Smooth operator takes on disk brake maintenance

Sometimes it seems to cyclefucius that mountain bikes are looking more and more like motorbikes. Huge forks, fat tyres and the dreaded disk brakes.

Now, cyclefucius has no experience of motorbikes. But imagines that they must be somewhat similar to cars and need servicing maybe a couple of times a year.

Not so the disk brakes on cyclefucius’s off-road setup. I won’t share here the name of the maker of the dreaded stoppers, but they need more attention than a neglected puppy.

Back in the day when said machine was acquired there wasn’t the wealth of knowledge to choose from posted on YouTube by nice Canadian men. The first days of ownership required various returns to the local bike shop for: bubbles in the system (pro tip: never turn machine upside down), floppy levers (pro tip 2: always use those little spacer things when taking off wheels – the hydraulic elves love to press the levers and make you force open the brake pads), and/or grabby brakes (cyclefucius heard recently that the young Chris Froome used to ride up mountains in Kenya with brakes applied in order to emulate Tour de France mountain passes – why he didn’t select a higher gear is beyond me – but at that rate cyclefucius must have a few “hors cat├ęgories” in his legs courtesy of Mr Sram – OK, you got me).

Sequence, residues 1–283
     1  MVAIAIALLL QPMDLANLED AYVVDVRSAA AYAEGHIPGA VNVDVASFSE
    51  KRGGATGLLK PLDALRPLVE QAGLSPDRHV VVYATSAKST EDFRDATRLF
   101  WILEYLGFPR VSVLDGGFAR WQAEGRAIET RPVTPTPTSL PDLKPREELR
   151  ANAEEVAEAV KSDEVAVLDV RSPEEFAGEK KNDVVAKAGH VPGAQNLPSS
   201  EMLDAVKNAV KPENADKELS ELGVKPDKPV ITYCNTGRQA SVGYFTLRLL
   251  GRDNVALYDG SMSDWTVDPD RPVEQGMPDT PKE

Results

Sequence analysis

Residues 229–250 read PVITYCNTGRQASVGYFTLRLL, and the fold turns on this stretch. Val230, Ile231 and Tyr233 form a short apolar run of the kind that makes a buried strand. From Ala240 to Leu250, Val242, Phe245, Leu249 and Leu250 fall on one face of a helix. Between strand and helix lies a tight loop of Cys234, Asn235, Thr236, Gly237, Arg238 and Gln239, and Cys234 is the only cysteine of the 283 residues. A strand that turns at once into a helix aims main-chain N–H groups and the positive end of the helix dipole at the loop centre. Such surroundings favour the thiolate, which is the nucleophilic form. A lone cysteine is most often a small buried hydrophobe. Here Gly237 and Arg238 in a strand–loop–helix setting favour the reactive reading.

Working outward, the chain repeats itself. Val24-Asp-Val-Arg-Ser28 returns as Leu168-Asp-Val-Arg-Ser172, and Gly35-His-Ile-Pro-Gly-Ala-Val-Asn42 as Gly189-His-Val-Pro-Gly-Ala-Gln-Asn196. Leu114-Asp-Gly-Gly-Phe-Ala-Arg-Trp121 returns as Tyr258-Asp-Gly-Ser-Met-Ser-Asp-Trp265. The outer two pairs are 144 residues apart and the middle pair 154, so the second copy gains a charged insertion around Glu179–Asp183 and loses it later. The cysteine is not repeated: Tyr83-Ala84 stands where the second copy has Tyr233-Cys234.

Given all this, cyclefucius got to the point of never going anywhere near the little white wannabe motorbike spares, once approaching anything near a proper set up. So the brake pads have been worn down to ear-watering, tooth-juddering, air-cleaving, metal-melting microns in order to avoid interference.

This was not going to last for long. And the showdown came the other day when cyclefucius’s off-road activities came to a sudden halt. Ironically on the road, doing the right thing trying to make eye contact with a driver arriving at a junction apparently in rehearsals for a role in “Tommy” and crashing into the raised kerb of a bus stop. (No, not the actual bus stop.)

Puncture, but wheel survived relatively unscathed. However, once returned to its place, Chris Froome brake syndrome took over and the return home became Tourmalet.

As ever, cyclefucius likes to try the self-sufficient approach. New brake pads and then let’s see if professional help needed.

Let’s do this. I am sure that the pads are designed to be replaceable without removing the wheel but perhaps the face-melting excess of wear makes this impossible. So wheels off. Bike steadfastly right way up (see above). Old bits out. Quick clean. New pads go in. Little spacey things do their job (see also above). Wheels go on. And of course fail to rotate. Squeeze brakes a few times like it says in the manual. Still no rotation.

But cyclefucius has pro tip 3 at his disposal: in the absence of rubber bands, tie brake levers tight with shoelaces, loosen the little Allen bolt things to allow realignment to take place (pro tip 4: the ones at the back not the ones at the side where fluid falls out if you unscrew them), pump a few times, re-tighten, pray.

And … rotation restored. Not a miracle. cyclefucius has learned something over various years of bubbly, floppy, grabby, tinkering times. Not to be beaten. Maybe I should do a video. But … for sure … next bike will definitely not have these particular ones. And road bikes really shouldn’t either.

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